As the United States continues to deal with the coronavirus, some states have slowly started to roll-out procedures to open back up.
On Thursday, Oregon Governor Kate Brown announced a multi-level plan to re-open the state.
The plans will work in phases, with each phase gradually allowing more businesses to operate and loosen restrictions on social interaction.
According to Brown, during Phase I restaurants and bars can open for limited in-person dining, salons and gyms can operate with physical distancing and sanitation guidelines, and gatherings of up-to 25 people will be permitted.
The re-opening will be on a county-by-county basis and can start as early as May 15th.
The last phase of the process is Phase III, which would allow sporting events and concerts to start up again. However, Brown hinted in official documents that that phase won't happen anytime soon. In fact, Brown has called for the canceling of all sports events and large social gatherings through at least September.
Concerts, conventions, festivals, live audience sports won't be possible until a reliable treatment or prevention is available. It is unknown at this time when this will be. Therefore, all large gatherings should be cancelled or significantly modified through at least September. Further guidance on large gatherings scheduled for later in the fall will be provided this summer. - Oregon Governor Kate Brown
So, how does this impact the local sports scene?
Let's first look at the NBA, which postponed its season in early March. Should they return to play the remainder of the season and the playoffs, there is a chance the Trail Blazers could be playing games in September.
If that's the case, and the league doesn't play at one central location as has been discussed, then you will have to watch the Blazers play on TV inside an empty Moda Center. If this season gets canceled, but next season starts normally with pre-season games in October, then there is still a chance no fans will be allowed in the arena.
Local universities will likely be impacted should the NCAA Football season go on as scheduled. Both Oregon and Oregon State have four games scheduled for the month of September, with both teams playing three of those four games at home.
Oregon State starts the season on the road at Oklahoma State on Thursday, September 3rd, but the next three Saturdays they play at Reser Stadium.
As for the Ducks, they start their season with three-straight home games, none bigger than the September 12th matchup against Ohio State.
The Buckeyes vs the Ducks is one of the most anticipated non-conference matchups in the entire country this season, and under the current guidelines set forth by Governor Brown, that matchup could happen inside an empty Autzen Stadium.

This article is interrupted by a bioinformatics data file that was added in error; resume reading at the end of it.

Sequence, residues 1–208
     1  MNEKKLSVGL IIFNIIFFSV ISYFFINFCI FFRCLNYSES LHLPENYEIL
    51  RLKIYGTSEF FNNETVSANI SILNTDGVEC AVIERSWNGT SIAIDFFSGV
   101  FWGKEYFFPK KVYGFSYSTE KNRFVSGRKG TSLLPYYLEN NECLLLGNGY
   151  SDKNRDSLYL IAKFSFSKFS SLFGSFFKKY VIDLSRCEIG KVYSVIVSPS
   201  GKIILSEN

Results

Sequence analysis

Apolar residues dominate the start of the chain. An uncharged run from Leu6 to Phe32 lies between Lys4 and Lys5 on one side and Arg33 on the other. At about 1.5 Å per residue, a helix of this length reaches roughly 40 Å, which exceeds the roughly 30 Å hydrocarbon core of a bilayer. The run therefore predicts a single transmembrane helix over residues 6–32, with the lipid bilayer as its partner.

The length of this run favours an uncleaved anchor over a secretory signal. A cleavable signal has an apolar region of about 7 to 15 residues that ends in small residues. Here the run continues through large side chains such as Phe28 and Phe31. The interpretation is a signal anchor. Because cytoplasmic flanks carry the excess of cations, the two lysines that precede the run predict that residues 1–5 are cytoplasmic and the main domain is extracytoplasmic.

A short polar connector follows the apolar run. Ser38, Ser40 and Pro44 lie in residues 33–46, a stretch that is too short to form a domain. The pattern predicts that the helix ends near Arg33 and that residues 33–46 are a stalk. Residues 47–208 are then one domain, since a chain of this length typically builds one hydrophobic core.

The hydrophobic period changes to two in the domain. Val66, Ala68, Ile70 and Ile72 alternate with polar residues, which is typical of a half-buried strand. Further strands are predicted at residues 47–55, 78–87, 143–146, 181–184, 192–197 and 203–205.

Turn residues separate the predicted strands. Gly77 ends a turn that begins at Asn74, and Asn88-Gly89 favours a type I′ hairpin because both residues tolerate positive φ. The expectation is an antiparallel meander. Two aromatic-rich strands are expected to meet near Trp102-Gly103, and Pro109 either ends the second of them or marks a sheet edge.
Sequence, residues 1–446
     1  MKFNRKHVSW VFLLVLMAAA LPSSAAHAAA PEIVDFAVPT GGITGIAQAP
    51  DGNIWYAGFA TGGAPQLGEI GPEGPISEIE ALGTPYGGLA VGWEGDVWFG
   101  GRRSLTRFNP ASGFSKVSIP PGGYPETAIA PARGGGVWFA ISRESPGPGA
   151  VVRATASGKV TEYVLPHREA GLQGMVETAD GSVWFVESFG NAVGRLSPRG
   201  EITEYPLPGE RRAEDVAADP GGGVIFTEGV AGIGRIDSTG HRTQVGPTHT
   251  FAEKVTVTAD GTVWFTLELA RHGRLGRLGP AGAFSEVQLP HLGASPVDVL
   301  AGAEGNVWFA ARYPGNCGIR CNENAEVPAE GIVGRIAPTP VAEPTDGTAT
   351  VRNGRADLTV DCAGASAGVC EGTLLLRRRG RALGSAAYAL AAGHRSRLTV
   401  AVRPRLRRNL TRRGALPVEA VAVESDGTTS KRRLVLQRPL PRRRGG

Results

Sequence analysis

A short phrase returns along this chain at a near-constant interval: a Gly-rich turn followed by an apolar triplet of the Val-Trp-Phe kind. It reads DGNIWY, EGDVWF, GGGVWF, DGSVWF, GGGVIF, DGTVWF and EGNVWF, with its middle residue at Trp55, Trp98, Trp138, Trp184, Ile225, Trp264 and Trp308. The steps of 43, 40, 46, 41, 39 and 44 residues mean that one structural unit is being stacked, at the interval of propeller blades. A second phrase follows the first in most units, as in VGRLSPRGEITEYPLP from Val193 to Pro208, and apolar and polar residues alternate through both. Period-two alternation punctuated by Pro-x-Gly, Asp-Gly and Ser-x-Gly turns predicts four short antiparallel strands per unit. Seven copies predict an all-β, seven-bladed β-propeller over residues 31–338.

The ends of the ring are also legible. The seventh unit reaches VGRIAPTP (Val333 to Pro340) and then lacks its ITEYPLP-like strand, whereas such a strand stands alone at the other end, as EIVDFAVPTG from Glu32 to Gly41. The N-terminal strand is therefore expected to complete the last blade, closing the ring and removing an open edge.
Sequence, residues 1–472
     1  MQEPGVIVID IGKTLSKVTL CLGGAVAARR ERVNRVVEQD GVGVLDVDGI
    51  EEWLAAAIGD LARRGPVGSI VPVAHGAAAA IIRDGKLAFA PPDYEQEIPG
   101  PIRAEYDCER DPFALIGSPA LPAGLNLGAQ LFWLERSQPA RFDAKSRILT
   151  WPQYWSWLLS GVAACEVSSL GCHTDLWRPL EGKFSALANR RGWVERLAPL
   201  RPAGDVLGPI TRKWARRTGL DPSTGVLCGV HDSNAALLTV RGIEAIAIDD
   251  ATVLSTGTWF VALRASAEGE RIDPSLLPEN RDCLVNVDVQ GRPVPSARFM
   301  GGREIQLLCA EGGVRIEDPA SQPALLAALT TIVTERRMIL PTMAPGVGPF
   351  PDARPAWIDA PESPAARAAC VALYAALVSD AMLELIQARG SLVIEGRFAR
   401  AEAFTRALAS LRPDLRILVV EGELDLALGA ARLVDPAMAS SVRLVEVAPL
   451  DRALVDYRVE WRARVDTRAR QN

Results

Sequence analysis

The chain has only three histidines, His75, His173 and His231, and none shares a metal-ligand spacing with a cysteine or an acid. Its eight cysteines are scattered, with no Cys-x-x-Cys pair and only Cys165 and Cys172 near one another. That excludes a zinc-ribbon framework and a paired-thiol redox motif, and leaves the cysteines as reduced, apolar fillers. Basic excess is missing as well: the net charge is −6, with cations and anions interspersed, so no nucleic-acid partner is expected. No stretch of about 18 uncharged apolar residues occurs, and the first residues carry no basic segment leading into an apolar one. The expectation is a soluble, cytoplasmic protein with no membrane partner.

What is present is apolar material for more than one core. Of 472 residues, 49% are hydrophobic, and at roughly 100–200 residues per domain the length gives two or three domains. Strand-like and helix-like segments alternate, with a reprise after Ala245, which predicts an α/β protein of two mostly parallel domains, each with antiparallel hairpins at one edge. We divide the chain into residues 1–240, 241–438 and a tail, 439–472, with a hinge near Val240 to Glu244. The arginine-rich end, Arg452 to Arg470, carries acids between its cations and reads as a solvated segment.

Even the Vikings will be impacted, with one home game currently scheduled in September, and one of their road games that month being against the Beavers in Corvallis.
On the pitch, both the Portland Thorns and Portland Timbers had home games scheduled in September prior to their respective seasons being postponed. With MLS now allowing teams to hold individual workouts, a return to play could be in the future. A return to play means both teams would presumedly have home games scheduled in September and would have to join their local sports counterparts in playing inside empty stadiums.
On Thursday, the Timber/Thorns released the following statement:
The Portland Timbers and Thorns FC have been in constant dialogue with state, county and city officials throughout the pandemic and were aware of the work being done on large public event guidelines that the governor issued today. While we remain hopeful there is a path forward to play in front of our supporters in 2020, we have kept our fans and annual members apprised of their options given the possibility of a full season not being played. Annual members will have the opportunity to rollover their funds with added benefits to 2021 for any missed matches, or may opt for a refund. The Timbers and Thorns have been diligent in our adherence to the advice of local public health authorities and government agencies throughout the crisis and will continue to do so with the safety and well-being of our fans, staff and players as the clubs' highest priority. - Portland Timbers/Thorns
Of course, things could take a turn for the better and Brown could adjust these dates back earlier, but as for now, fans will have to live with the realistic possibility of watching their favorite teams from the comfort of their home while those teams play in empty stadiums.
Kate Brown's latest guidelines could have giant impact on local sports originally appeared on NBC Sports Northwest